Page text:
Last year, city police sent more than 15,000 inmates to the county jail and the city paid the county about $2.2 million to house them. White said the issues raised in the report are serious, and obligate city leaders to follow up with Whetsel. "Given the gravity of these complaints, I think the city ought to take a look at it,” White said. Oklahoma City Manager Jim Couch said he sent Whetsel a letter Monday after he read the report. Couch's letter cites the city's contract with Whetsel, which states that he will operate the jail in compliance with state and federal statutes, and requests that Whetsel and the county work with the Justice Department to solve the issues cited in the report and keep the city updated. Del City Mayor Brian Linley said all cities that contract with the jail have an obligation to follow up on the report. "I definitely think we need to look at it to ensure folks that we take over there are being taken care of above board,” Linley said. "I'm sure all municipalities are concerned with the report they are looking at.” The stickier problem is what might happen if the problems at the jail aren't fixed, White said. Oklahoma City closed its jail years ago and has nowhere else to keep prisoners being held on municipal charges. Other cities in Oklahoma County don't house nearly as many prisoners as Oklahoma City, but few have their own jails, meaning they must rely on the county to hold people who don't pay fines or are sentenced to jail time for municipal offenses. "This is a problem that belongs to all of us,” White said.
Consensus, leadership neededWhetsel said he spoke with Couch on Tuesday and was encouraged by his willingness to help. "He's committed to helping us find solutions,” Whetsel said. "I know the Oklahoma City Chamber is committed to helping us find solutions. It is going to have to be a collective effort.” Representatives from several cities and other stakeholders have taken part in committees looking at overpopulation and funding problems at the jail. Although the issues have been discussed at length, no long- term solution to the jail's funding shortfall has been found. Edmond Mayor Dan O'Neil said he and other municipal officials are willing to get on board if the county can come up with a workable plan. "It is a county-wide issue,” O'Neil said. "It's going to take leadership, and it's going to have to come from the county. It's going to take consensus from the leadership down there. They haven't had that.”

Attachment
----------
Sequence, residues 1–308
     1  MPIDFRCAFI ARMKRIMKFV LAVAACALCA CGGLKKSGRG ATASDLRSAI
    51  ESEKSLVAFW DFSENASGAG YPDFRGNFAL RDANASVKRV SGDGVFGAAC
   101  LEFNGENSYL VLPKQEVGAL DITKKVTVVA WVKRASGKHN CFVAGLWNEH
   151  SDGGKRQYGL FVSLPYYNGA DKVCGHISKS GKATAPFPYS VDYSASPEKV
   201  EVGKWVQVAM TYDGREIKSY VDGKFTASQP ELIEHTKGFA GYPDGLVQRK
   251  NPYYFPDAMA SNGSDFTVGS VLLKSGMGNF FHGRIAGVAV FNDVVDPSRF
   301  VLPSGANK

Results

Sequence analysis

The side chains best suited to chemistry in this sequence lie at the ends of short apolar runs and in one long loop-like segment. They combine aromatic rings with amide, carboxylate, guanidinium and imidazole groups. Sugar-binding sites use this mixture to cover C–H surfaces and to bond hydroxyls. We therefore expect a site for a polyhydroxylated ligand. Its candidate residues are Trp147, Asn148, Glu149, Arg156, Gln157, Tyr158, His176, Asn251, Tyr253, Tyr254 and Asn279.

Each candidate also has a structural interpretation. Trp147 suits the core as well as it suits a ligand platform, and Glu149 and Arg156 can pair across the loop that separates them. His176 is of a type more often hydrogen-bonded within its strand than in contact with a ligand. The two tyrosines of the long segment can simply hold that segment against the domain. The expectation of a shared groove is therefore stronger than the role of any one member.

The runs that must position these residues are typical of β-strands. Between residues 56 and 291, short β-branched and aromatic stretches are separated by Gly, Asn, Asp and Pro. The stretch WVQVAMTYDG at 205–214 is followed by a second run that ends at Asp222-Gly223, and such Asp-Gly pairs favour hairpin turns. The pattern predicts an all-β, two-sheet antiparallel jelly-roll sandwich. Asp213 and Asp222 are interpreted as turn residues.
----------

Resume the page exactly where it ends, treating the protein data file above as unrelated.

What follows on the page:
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The Justice Department reportIt harshly criticized many of the jail's operations, including: •Security and supervision of inmates, which it called "virtually non-existent.” •Excessive violence between inmates and between inmates and detention officers. •Faulty locks on cell doors. •Inadequate suicide prevention techniques. •Poor investigation and review of serious incidents. •Poor health care and mental health care. •Unsanitary conditions throughout the jail. •Dangerous fire hazards.
The sheriff's responseIn a 148-page response to the report, Sheriff John Whetsel detailed how he says some problems have been fixed. •More detention officers were hired and schedules were altered to allow for more supervision of inmates. •A new handcuffing system was implemented that led to decreased use of force incidents by detention officers. •All cell door locks are being modified to fix faulty locks prisoners could open themselves. •A sanitation team was created to address unsanitary conditions throughout the jail.